The Great Stink

It was the summer of 1858 and the sun was shining in London. That’s not the most surprising part of this story though.

The city was actually in the midst of a freak heatwave, with temperatures averaging 36oC (up to 48oC in the sun). The British do not typically cope well with extreme weather, however this summer was going to be a real stinker.

The industrial revolution had brought not just industry to the city, but people as well. Between 1700 and 1850, London’s population had exploded from 500,000 to over 2.5 million. With this huge increase in factories and people came an unprecedented increase in waste being dumped into London’s rivers, cess pits, and an ageing and inadequate sewer system.

Traditionally emptying cess pits was the unglamorous job of the nightmen, who carted the contents outside of the city, where it would be sold to farmers for fertiliser. The discovery of guano in the Pacific however caused the value to plummet, and an ever-expanding city caused the nightmen to have to travel further afield to dump the waste. The result of this was increasing costs for landowners to have their cess pits emptied, so many just didn’t bother.

As the cess pits overflowed, the contents found its way into the ground water. What followed was one of the worst cholera outbreaks in the city’s history. Utilising the ‘if I can’t see it, then it isn’t my problem’ approach, Parliament’s solution was to order that all waste be dumped directly into the Thames. If they couldn’t see the results of their blunder that summer, they could definitely smell it.

An extended spell of dry weather caused the level of the Thames to drop dramatically, revealing piles of rotting sewage laying on the banks. Did I mention that the temperature was reaching as high as 48oC? I know you may think that a hot portaloo on the third day of the Reading Festival must be pretty hard to beat, but that was nothing compared to this. Michael Faraday described the river’s water as “an opaque pale brown fluid”, though luckily it didn’t distract him too much from his work on electromagnetic induction.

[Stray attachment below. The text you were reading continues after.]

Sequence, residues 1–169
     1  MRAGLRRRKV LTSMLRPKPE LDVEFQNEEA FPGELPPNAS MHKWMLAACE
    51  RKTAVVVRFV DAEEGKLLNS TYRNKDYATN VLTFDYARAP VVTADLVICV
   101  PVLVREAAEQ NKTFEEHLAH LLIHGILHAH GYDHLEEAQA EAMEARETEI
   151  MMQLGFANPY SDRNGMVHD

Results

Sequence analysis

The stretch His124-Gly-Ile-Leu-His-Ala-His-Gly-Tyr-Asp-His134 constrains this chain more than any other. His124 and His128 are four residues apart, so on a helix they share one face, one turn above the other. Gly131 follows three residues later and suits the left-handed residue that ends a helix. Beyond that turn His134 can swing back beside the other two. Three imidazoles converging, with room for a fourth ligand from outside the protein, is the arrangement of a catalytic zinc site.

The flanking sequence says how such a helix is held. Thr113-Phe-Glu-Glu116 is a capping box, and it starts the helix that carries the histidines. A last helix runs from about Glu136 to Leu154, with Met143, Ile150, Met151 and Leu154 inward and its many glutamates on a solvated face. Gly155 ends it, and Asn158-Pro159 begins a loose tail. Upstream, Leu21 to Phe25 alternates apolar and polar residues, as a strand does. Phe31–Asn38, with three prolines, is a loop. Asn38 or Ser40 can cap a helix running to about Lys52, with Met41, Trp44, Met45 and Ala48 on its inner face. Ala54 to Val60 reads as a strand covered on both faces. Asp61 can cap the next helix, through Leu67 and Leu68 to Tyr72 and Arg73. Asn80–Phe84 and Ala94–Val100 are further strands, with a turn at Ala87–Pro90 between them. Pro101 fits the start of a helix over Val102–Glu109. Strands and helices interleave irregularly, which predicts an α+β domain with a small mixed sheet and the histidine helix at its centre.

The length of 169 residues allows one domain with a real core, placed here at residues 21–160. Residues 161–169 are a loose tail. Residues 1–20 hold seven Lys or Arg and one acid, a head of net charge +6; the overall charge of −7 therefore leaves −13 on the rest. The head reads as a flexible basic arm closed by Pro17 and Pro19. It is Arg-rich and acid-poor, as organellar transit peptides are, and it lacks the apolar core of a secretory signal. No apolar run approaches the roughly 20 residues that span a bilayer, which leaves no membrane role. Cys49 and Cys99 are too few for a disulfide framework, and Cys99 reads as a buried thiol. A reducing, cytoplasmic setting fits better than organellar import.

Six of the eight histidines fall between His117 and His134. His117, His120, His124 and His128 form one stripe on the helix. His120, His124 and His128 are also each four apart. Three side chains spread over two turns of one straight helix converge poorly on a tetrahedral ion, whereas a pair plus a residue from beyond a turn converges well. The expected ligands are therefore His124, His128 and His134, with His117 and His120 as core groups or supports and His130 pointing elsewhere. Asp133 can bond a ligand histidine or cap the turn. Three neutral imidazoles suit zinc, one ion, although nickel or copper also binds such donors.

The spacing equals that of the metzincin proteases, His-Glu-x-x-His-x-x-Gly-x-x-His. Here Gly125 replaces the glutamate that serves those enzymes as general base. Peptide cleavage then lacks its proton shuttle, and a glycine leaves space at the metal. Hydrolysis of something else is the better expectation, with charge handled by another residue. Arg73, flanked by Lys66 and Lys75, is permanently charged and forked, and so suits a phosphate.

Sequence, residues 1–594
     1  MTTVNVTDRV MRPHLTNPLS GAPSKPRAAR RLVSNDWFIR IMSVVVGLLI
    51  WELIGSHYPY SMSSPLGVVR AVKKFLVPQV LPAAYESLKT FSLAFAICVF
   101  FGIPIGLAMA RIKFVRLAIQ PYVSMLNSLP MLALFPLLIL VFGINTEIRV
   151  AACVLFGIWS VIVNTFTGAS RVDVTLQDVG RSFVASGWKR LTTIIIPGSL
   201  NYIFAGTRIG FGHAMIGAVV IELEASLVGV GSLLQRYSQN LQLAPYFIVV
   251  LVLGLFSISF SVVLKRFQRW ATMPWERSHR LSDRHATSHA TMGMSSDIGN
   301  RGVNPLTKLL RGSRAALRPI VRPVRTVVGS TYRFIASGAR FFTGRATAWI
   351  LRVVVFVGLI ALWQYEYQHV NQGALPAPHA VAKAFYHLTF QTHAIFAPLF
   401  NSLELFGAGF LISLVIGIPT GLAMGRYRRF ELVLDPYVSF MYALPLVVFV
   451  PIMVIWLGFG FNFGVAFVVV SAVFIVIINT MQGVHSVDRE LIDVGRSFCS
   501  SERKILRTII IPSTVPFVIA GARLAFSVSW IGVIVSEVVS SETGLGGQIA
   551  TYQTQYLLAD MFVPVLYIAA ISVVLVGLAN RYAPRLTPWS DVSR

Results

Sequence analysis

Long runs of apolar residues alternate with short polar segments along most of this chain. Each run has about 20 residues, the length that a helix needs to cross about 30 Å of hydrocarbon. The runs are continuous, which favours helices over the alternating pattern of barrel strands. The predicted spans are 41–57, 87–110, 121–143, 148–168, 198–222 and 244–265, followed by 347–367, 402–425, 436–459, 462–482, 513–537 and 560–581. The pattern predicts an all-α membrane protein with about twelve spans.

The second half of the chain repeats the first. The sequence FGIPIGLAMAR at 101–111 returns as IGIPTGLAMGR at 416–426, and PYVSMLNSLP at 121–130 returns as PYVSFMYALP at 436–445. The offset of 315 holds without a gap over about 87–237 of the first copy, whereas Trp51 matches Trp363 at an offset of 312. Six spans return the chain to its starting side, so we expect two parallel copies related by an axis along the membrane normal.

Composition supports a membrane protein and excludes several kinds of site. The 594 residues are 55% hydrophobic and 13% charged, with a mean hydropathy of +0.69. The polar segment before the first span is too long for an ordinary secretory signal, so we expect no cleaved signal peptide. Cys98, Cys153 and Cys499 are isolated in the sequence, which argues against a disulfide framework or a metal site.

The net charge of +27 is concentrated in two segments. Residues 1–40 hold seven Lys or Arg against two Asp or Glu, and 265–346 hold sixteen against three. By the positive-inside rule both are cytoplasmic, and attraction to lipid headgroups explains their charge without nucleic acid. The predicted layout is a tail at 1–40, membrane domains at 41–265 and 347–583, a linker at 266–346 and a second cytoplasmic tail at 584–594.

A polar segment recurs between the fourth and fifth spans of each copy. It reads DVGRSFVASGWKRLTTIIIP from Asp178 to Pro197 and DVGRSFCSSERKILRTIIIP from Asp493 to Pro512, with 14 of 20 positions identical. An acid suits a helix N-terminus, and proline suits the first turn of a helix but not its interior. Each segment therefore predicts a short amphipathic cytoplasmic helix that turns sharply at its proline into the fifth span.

The stench was unbearable. Up until now, Parliament had been mostly happy to ignore the plights of the unwashed masses, however this was a problem they couldn’t ignore. The newly built Houses of Parliament sat on the bank of the Thames, placing the ministers within meters of what had become Europe’s largest open sewer. Something had to be done.

On 15 June, Chancellor of the Exchequor Benjamin Disraeli tabled a bill to clear up the Thames. In just 18 days the bill was passed, and motions were put in place to build an enormous sewer system. The man chosen for the job was Joseph Bazalgette, who was able to produce a sewer system so hugely effective that it is still in use today.

Bazalgette’s contributions to the history of London are often overlooked, but we hope to somewhat correct that in this episode, as we look at the Great Stink of 1858.

So join us as we delve to new depths in historical reporting and schoolboy toilet humour, and find out why John Snow actually knew a thing or two afterall.